I grew up on the Jersey Shore. Memories of my childhood are ensconced there, on the beach of Ocean Grove, in the quiet lull of the Manasquan inlet, speeding down Rankin Road in Brielle on my bicycle and hoping to stop before smashing into a giant oak.
Girl Scouts, the local park, soccer, softball, piano lessons, Perkins instead of Halloween, church, camping trips, the Pine Barrens, Englishtown. Bagels, pizza, the roar of the ocean every day during the summer after Cream Cheese & Grape Jelly Sandwiches whilst watching The Prices Is Right at my grandmother’s house. The smell of coffee mixed with Entenmann’s topped off with the wafting odor of printer’s ink. So many memories crammed into such a short amount of time.
As with all memories, there are good and bad.
Bullying, incessant teasing from classmates because I didn’t live in a mansion. My parents drove sensible vehicles, okay, sensible vehicles which may or may not have had rusted floor boards. (I really miss the green & white Dodge Ramcharger with the rusted “viewfinders” along the back seat floor board!)
Death. I lost count of how many relatives crossed to the other side during my childhood. I lost both grandmothers by the time I was a freshman in High School. My first grandmother passed away on a Thanksgiving. Before she passed, she told me to “Be the best you can be. Always.” Perhaps she didn’t use those exact words, I was 11 and had more important things on my mind, but that’s always stuck with me.
We moved away from New Jersey when I was 12, almost 13. Truth be told, I was happy to be moving away. A new start. No teasing or bullying. Finally. I could be me.
But then I kind of missed it. You see, our house in Jersey was on a dead end street. I got along with the other kids on our street. We played outside, a lot. I was also the only girl. I played Cops & Robbers, tackle football, baseball, Olympics, random games of street-hockey, etc. Life was good on the street, just not at school.
The house in Virginia was in the middle of nowhere. Our nearest neighbors were 6 feet underground – yes, a cemetery. Quite a change from suburbia for a kid who was used to going out and playing with the neighborhood kids.
I romanticized my time in New Jersey as I grew older. Particularly in college after losing my grandfathers. Any time spent with my paternal grandparents was in Jersey for the most part. I clung to those memories. Their houses, the way they smelled, my grandmother’s elegant clothes she let me wear to play dress up, my grandmother’s amazing cooking, and my grandfather’s massive pines lining his pristine black asphalt driveway up to his green and white Cape-Cod style house.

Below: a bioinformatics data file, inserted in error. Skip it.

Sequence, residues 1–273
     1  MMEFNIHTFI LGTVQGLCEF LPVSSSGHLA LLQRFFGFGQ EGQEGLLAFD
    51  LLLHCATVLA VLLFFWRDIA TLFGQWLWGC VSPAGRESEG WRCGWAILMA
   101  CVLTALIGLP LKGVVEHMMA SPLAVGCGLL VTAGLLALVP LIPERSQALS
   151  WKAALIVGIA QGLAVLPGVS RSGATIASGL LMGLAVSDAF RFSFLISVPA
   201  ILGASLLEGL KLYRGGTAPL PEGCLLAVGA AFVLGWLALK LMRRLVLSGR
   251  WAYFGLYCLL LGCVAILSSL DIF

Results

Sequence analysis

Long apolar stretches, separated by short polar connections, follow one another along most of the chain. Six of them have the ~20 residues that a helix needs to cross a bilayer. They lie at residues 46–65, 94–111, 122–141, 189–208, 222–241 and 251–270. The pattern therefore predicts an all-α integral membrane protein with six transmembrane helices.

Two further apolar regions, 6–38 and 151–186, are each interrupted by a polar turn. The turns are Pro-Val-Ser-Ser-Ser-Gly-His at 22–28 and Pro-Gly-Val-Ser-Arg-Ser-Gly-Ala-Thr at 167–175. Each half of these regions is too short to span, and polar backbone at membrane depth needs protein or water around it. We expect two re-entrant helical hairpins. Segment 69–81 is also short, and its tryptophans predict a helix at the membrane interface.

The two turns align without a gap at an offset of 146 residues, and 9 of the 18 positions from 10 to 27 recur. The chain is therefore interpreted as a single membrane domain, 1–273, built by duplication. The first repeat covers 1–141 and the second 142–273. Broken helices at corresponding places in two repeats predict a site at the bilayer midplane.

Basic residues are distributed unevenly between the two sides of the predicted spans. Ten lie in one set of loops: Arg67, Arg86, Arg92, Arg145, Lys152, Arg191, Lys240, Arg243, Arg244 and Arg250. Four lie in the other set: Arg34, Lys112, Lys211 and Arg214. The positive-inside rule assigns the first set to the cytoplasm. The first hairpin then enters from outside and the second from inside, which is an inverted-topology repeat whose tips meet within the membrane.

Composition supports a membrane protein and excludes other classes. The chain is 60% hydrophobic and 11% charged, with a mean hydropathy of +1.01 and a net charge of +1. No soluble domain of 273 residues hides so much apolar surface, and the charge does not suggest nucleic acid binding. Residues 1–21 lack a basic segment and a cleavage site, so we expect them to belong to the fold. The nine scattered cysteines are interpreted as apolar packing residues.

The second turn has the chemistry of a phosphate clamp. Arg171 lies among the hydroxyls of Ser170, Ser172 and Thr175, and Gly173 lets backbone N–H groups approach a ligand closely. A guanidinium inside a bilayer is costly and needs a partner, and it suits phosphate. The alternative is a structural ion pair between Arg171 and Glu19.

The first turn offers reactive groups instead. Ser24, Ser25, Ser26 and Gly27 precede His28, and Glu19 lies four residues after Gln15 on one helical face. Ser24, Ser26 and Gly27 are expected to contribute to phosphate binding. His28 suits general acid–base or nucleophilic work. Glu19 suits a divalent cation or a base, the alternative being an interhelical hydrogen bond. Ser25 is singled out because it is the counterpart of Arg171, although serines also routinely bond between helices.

In my head, my memories are trapped in a snow-globe, just beyond a looking glass. Perfect, happy, and never-ending –like old movies stuck on repeat in a theatre.
(I’m crying now.)
Not only am I aware of the massive destruction she left in her path, I survived the massive storm myself as it passed over Pennsylvania, where I now call home.
I meant to go home to Ocean Grove, to Brielle, to Point Pleasant – to eat at Vic’s in Bradley Beach again – to visit friends and family still residing there– before Sandy.
I’m still going but it won’t be the same.
The looking glass is shattered and so am I.
I keep telling myself Sandy didn’t destroy the memories I hold so near and dear in my head and heart – nothing can do that unless I allow it to do so.
In the grand scheme of things, I’m lucky. Our townhouse is still standing, our power was only out for nearly 4 days, and we didn’t have to wait for FEMA or the government to help us. No gas rationing here. I’m grateful.
Grateful but shaken.
Shaken because all the mourning, all the grieving, everything, has come undone within just a few short weeks and I don’t know how to fix it just yet. I’m shocked and bewildered to have been affected this way. It’s as if Sandy pulled a string on the bag holding all these memories and now I have to catch them but they’re growing as fast as a group of Tribbles. Every time I think I have things under control again, something else pops up. What’s worse is that I’m not sure how to put this into words – not yet. I realize I am but when it actually happens, I struggle to convey how I am feeling because I don’t know.
I don’t feel as if I have a right to feel the way I do when so many who still live on the Shore and in NYC are facing so much more loss than I am as a result of Sandy’s vicious attack. I know trauma is in the eye of the beholder. I know. I’m striving to give myself permission for my emotional reaction –once I achieve that part, the rest will be all downhill, just like cruising down Rankin with the wind in my face when I was a young girl.
As the Jersey Shore rebuilds –and I know they will because we Jersey folks are a strong breed — I will be rebuilding my memories and working to remind myself no one can ever take them away from me. I will give myself permission to mourn the change and the loss of this tremendous storm. I will continue to move forward and persevere.
I am Jersey Strong.